Nick, Hideaway Surface
Kals walked up to us at about the same time as Katuk joined us.
As we backed up to let them into the group, Kals asked, “What’s your plan?”
“We don’t really have one,” I said. “We’re kind of working on backup plans in case the shields go down. Also, we missed the rest of what she said. Given that everyone’s looking tense, I’m guessing they’re just about to start?”
“Close,” Kals glanced back toward the shelter. “She made a big appeal to Mom and the Council to surrender and save the lives of all the people fighting today. It wasn’t much different than what they’ve said before.”
Cassie laughed. “It’s almost like they’re afraid to fight you.”
Kals gave a half-smile. “I think they are, but mostly because if Mom dies they’ll have a hard time finding a unifying figure like her to reprogram. That’s why Kamia talked about how easy it will be to take the shields down.”
Tikki eyed her, frowning. “She’s not the only potential unifying figure. If she were to die, you would also be an effective choice.”
Kals raised an eyebrow. “Me?” Then she let out a breath. “You’re right. Both my dad and mom would be heroes of the resistance and they’d be dead. It’s inevitable.”
She glanced down to a pouch on her belt. Other resistance members kept suicide pills there.
Jaclyn noticed too. “We’re not going to let that happen.”
Katuk cocked his head to look at Jaclyn’s face. “Suicide is an honorable response when your death protects what your life cannot.”
Jaclyn’s mouth tightened. “I suppose, but I don’t want anyone to have to go that far.”
Kals looked out past the shields. Kamia’s troops still weren’t visible. “I’m not in any hurry to make the ultimate sacrifice for the resistance, but I don’t want to be used to destroy it.”
Marcus nodded. “I think we all get that. I’m not in a hurry either, but knowing what they can do to us makes me think that we should have packed suicide pills.”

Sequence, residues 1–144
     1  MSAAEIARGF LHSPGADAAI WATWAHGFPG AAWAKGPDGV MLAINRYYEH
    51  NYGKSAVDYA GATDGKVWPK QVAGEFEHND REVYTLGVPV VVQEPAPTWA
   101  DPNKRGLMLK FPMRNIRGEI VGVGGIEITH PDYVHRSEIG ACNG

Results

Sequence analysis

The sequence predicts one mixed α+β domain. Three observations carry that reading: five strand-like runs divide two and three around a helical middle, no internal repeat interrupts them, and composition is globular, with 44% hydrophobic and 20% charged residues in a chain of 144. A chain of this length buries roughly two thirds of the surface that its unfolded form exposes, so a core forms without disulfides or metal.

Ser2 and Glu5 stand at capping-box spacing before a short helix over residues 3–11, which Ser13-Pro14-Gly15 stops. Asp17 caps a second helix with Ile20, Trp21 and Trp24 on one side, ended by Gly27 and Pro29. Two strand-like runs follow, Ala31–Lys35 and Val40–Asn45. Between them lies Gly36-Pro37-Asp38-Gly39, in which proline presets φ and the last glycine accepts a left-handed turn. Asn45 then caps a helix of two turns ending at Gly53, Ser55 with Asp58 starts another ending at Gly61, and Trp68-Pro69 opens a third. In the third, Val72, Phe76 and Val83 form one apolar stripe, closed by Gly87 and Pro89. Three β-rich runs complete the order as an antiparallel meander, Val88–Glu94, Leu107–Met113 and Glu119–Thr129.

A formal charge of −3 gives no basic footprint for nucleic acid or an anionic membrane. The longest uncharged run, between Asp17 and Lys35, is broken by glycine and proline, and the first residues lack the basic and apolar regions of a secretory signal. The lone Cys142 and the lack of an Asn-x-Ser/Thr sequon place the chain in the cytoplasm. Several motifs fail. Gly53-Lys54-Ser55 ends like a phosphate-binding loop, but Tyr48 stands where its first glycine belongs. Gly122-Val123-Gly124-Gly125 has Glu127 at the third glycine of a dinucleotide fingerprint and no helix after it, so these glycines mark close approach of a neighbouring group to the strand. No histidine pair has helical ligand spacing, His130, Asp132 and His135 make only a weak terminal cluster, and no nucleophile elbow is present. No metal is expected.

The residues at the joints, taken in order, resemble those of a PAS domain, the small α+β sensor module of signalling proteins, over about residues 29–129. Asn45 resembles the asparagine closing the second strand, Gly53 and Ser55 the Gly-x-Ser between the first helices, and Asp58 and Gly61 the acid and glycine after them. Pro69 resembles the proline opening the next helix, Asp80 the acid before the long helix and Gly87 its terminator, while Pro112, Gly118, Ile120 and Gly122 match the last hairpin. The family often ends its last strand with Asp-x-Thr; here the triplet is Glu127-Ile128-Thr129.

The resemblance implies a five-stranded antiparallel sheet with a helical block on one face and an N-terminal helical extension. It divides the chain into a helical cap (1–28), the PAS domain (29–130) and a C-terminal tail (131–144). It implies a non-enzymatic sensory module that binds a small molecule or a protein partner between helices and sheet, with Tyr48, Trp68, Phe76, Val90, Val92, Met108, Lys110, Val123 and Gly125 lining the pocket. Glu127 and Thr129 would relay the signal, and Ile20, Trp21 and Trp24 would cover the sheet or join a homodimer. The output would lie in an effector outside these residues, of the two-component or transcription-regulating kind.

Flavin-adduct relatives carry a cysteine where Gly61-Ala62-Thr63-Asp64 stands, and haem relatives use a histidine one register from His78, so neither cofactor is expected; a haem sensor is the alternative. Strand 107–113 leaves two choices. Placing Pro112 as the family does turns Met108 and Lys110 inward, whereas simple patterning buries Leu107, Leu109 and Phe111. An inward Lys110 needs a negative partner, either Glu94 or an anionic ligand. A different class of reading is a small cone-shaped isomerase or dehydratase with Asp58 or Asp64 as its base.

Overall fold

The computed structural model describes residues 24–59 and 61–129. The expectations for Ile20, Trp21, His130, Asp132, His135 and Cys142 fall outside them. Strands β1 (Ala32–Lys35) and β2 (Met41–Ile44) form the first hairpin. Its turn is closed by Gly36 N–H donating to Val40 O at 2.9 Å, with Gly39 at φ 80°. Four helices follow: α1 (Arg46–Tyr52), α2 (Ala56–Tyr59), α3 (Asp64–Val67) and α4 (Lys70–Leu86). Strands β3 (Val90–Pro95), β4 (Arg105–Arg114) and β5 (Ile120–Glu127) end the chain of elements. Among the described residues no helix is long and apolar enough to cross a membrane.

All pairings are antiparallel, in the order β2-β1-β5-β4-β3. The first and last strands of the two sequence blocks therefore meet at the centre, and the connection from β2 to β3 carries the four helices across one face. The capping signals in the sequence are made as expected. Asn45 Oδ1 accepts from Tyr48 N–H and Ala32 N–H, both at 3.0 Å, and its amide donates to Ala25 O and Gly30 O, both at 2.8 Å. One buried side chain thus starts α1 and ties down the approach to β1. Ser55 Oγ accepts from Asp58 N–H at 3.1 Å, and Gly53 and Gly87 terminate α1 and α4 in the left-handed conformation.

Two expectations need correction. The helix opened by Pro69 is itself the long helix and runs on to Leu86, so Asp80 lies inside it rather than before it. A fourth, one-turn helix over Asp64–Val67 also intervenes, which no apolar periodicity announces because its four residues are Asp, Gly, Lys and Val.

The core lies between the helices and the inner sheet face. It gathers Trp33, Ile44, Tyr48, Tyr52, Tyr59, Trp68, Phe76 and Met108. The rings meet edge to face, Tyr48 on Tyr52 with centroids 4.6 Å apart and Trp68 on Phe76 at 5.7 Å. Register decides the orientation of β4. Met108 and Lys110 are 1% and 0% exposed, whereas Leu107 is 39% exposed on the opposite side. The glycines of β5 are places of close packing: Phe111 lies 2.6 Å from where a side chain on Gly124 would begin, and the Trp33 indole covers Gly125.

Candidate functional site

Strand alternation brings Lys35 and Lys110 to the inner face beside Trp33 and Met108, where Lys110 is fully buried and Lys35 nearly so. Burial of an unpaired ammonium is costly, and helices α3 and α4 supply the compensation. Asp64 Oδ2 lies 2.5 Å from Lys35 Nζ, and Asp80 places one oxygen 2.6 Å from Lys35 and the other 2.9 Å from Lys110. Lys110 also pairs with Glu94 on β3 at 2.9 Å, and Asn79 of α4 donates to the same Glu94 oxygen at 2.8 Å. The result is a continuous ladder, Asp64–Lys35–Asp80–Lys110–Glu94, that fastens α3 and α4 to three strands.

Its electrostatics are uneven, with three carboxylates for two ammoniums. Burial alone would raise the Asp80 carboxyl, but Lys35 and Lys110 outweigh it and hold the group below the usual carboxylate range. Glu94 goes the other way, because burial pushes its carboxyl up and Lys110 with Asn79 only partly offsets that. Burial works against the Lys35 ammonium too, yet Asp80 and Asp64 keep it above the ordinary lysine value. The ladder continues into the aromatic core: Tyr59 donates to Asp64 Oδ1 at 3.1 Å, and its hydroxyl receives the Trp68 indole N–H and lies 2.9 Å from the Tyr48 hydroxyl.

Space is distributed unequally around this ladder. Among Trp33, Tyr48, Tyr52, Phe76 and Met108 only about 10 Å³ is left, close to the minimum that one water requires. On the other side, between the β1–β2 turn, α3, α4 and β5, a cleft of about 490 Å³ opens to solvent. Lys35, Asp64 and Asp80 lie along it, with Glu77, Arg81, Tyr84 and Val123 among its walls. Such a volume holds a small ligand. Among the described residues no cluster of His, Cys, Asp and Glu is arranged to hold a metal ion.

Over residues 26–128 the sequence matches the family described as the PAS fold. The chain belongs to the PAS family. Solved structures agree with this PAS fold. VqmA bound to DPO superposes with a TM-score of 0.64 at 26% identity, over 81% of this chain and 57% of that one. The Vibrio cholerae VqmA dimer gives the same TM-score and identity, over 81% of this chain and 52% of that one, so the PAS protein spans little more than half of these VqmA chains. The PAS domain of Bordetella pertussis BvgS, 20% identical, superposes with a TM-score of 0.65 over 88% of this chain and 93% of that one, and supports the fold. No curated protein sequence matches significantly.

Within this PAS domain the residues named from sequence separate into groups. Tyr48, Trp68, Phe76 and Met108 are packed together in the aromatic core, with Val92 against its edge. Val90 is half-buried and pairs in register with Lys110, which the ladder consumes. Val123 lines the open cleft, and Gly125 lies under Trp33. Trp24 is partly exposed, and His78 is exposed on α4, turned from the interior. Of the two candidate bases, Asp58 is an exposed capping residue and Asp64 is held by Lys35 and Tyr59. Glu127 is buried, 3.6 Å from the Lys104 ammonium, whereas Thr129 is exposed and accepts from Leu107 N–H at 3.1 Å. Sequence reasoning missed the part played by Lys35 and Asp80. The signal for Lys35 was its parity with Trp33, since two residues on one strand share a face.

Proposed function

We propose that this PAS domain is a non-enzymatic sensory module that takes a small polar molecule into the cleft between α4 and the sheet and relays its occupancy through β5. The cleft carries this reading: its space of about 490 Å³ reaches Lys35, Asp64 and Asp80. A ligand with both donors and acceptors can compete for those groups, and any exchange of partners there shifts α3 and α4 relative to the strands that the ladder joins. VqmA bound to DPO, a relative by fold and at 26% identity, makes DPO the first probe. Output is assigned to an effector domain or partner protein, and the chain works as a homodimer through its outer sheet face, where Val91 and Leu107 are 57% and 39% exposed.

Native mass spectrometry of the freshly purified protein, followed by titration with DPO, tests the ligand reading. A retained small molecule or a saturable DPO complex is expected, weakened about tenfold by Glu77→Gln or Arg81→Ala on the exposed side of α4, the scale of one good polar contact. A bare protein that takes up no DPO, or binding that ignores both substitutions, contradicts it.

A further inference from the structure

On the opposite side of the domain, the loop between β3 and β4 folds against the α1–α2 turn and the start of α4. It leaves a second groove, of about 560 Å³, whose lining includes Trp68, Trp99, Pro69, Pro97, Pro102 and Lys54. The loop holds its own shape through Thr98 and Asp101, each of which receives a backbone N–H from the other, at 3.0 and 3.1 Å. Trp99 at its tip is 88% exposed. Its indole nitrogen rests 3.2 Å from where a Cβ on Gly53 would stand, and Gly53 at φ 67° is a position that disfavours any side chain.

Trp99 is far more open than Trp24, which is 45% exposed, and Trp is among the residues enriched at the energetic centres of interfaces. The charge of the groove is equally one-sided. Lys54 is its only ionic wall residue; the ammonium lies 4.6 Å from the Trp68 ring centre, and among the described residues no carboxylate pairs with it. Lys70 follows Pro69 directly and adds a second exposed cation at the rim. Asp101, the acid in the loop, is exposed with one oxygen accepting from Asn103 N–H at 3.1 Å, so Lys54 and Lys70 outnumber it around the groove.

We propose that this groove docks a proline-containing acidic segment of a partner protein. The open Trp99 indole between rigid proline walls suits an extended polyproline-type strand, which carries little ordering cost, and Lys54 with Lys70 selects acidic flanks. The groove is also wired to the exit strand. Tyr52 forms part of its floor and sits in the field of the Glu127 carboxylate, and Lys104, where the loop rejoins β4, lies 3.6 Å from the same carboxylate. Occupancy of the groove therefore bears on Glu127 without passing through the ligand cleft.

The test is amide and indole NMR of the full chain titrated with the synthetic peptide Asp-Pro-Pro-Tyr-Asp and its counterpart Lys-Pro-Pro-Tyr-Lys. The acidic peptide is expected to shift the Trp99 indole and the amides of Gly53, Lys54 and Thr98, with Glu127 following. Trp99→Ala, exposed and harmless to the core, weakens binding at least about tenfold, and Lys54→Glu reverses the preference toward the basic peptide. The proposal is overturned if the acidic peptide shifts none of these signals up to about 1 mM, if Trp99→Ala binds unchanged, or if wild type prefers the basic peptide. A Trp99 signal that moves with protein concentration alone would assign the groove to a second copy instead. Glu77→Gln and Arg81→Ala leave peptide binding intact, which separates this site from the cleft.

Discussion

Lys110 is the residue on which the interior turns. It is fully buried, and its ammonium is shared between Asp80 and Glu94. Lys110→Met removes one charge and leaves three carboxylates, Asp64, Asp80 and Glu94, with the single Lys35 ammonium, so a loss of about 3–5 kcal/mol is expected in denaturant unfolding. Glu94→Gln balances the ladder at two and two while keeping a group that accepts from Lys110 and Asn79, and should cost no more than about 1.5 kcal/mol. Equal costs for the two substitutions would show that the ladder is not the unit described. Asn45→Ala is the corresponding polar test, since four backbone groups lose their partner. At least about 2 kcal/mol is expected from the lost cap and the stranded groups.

Katuk looked over at him, the silver of his armor gleaming in the daylight, “There’s no need. Your implant can do it if necessary.”
I’d never considered that we might have a way to kill ourselves built in to the implant, but in that moment I knew all I had to do to activate it. Looking at everybody’s faces, we all did—well, except for Rachel.
Next to me she said, “That’s not a good look on any of you.”
“No kidding,” Cassie shook her head. “That’s the last thing I wanted to know. Maybe we should be probing our implants for things it can do to help us win.”
“I think we should be thinking about how to win in general,” Jaclyn looked the group of us over. “Kamia said she had more of the Ascendant Guard with her now. My implant tells me that they’ve got a variety of soldiers, all of them Abominator designed for different types of warfare. I guess if we have any fliers, Katuk, Nick or I will have to handle them.”
Tikki raised a hand slowly. “I can help with that.”
Not showing any surprise, Jaclyn nodded.
“Me too,” Cassie glanced over at the shields. “I’m not assigned to the front this time around. I think they must be assuming we’ll work together.”
Jaclyn nodded, “Wouldn’t that be nice?”
Then we talked about ways we could do that for a few minutes. We weren’t done when Kamia’s voice again sounded around us.
“Jadzen, come out. It’s time to do the only thing that will save your people here. Come out and lead the rest of your “Council” through the shields. Remember I can take them down with a thought. I don’t need you to cooperate. If you don’t, I’ll just kill you and everyone else.
“So it’s your choice. Cooperate or watch all your people die.”
Kamia stopped speaking (wherever she was) and waited for a response. She didn’t get one immediately. I’d like to say that silence hung in the air, but that doesn’t make the slightest bit of sense. How would an absence of sound hang anywhere?
The door opened with a creak and Jadzen stepped out of the shelter, followed by Iolan and a couple other council members.
Silence hung in the air, broken only by the sound of their footsteps on the forest floor.
They didn’t walk toward the shields. They stopped close to us and Jadzen cleared her throat. She took a breath and looked over at Kals giving her a smile.
Then she spoke, her voice resonant with the queer tone that motivators had when using their power. She wasn’t commanding anyone to do anything though. She seemed to be using it to be heard.
“Kamia,” she said, staring out past the shields at the forest, “I’ve heard of you and your deeds. Your ability to cause destruction is well known. I say this so that you understand that I’ve made my decision with full knowledge of the consequences.
“I will never let myself be captured and personality bent to the will of people with no respect for human dignity or freedom. I will die first—either by your hand or my own.”
Jadzen opened her mouth to say more, but she’d already given an answer enough for Kamia.
Beams of light hit the shields, creating the sound of a hissing white noise. For the moment, they held. We had to do something before they fell. I doubted it would be long.